Tuesday, August 17, 2010
Like most Joburgers, my more recent forays into Hillbrow have been from the safety of a speeding car. From this vantage point you can’t glean very much – and I never dreamed that this would be a disadvantage.
Hillbrow might once have been a desirable spot, when in the seventies Italian, German and Portuguese immigrants installed European café society culture into the suburb, giving it a distinctly cosmopolitan feel. But in the late eighties it began to undergo a shift when an influx of South Africans looking to escape violent upheavals in the townships settled in the suburb and surrounding areas. By the late nineties Hillbrow had become home to a new set of immigrants; this time from the rest of the continent. Buildings were hijacked by thugs, landlords reneged on their responsibilities, the municipality cut off basic services and the physical appearance of the neighbourhood deteriorated dramatically.
For those who recalled a carefree youth in the area, the deterioration of Hillbrow became emblematic of the social and structural degeneration of the inner city, a consequence of a new political (dis)order. Guy Tillim’s sombre photographic essay, simply titled Joburg, which documented the grimy dilapidated interiors and exteriors of this collapsing urban landscape, encapsulated the degradation, unwittingly confirming that this European foothold had been lost. Submerged in a process of urban entropy it had become a locale for the impoverished, the disenfranchised and the dejected.
While reports about the Johannesburg Development Agency’s Better Buildings project, an initiative to reclaim, restore and reinvigorate dilapidated edifices in the suburb, surfaced, negative perceptions about Hillbrow have remained steadfast. But, of course, just as the rest of Joburg is constantly being reinvented, so too has Hillbrow’s character been steadily shifting over time. It’s just that no one noticed or cared; photographers and journalists have a keener interest in neglect and degradation.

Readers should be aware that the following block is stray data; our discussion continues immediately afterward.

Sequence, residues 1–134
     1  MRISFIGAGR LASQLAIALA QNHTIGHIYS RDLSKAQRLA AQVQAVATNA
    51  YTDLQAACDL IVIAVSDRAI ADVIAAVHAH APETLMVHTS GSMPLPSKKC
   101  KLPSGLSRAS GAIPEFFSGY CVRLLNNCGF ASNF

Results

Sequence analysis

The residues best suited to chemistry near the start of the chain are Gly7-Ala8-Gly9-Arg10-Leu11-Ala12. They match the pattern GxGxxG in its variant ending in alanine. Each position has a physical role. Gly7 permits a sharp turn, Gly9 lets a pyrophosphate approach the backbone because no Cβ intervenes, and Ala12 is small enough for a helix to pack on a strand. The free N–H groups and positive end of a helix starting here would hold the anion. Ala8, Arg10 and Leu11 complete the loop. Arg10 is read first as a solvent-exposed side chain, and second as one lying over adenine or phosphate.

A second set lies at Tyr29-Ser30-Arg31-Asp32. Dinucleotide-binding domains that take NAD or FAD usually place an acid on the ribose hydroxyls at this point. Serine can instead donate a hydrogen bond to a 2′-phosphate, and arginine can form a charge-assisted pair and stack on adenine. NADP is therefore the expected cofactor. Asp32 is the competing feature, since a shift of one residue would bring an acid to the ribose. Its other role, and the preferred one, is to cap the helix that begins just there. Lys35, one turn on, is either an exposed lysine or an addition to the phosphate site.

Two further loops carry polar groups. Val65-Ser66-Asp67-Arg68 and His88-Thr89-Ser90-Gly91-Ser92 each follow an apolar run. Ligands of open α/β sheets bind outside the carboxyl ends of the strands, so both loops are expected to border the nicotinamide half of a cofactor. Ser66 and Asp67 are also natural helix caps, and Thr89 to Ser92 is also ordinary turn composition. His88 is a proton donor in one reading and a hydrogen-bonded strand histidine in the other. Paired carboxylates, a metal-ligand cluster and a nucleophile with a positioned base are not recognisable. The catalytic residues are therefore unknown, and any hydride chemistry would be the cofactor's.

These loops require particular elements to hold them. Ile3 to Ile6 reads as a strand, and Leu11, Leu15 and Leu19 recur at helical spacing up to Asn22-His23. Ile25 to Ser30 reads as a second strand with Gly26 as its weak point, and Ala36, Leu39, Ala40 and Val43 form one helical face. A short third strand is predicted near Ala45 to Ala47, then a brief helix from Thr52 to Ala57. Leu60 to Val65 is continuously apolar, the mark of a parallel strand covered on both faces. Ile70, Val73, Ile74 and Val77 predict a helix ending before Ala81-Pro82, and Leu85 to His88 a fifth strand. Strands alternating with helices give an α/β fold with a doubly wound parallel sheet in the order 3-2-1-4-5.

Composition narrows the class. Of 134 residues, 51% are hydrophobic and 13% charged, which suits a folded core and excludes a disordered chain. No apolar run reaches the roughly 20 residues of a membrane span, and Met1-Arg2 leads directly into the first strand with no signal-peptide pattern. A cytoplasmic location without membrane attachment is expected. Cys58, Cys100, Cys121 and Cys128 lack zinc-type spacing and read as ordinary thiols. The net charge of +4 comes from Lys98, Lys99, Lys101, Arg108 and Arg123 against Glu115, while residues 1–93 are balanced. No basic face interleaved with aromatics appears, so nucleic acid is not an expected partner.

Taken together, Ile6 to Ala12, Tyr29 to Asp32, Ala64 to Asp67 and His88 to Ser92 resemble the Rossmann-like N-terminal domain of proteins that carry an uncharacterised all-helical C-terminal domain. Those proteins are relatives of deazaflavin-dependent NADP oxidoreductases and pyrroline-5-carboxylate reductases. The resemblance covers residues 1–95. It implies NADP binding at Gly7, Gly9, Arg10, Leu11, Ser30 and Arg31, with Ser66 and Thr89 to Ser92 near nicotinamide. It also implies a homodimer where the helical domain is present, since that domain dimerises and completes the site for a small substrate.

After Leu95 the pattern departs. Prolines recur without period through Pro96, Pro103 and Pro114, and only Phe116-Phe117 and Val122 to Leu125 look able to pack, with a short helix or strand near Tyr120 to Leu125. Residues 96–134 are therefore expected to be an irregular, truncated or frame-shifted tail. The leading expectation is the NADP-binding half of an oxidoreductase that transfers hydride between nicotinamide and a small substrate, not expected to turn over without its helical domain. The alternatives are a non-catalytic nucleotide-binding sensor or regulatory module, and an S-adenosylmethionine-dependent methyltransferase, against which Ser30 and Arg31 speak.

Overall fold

The X-Homes project, an unconventional performance art initiative-cum-tour of the suburb funded by the Goethe Institute and curated by Christoph Gurk, offers us an in-depth and multi-perspectival view of Hillbrow. On foot. We might be observing life in this suburb but we are steeped in the action we encounter, which both confirms and contradicts the stereotypical ideas of the suburb. It’s not a one-dimensional place.
In a dagga smoke-filled flat we encounter a young woman who leads us into her bedroom. She puts us at our ease, addressing us as if we are prospective tenants. We begin to imagine life in this cramped flat that houses five young people. Makeshift bedrooms are created in the lounge area. Heavy fabrics hang from the ceiling, demarcating the different sleeping areas. Two young men are passing a joint. When I ask them what they do for a living they shrug their shoulders and laugh. The young woman’s boyfriend grows angry and starts to beat her. A knife is drawn and we are quickly escorted out of the flat.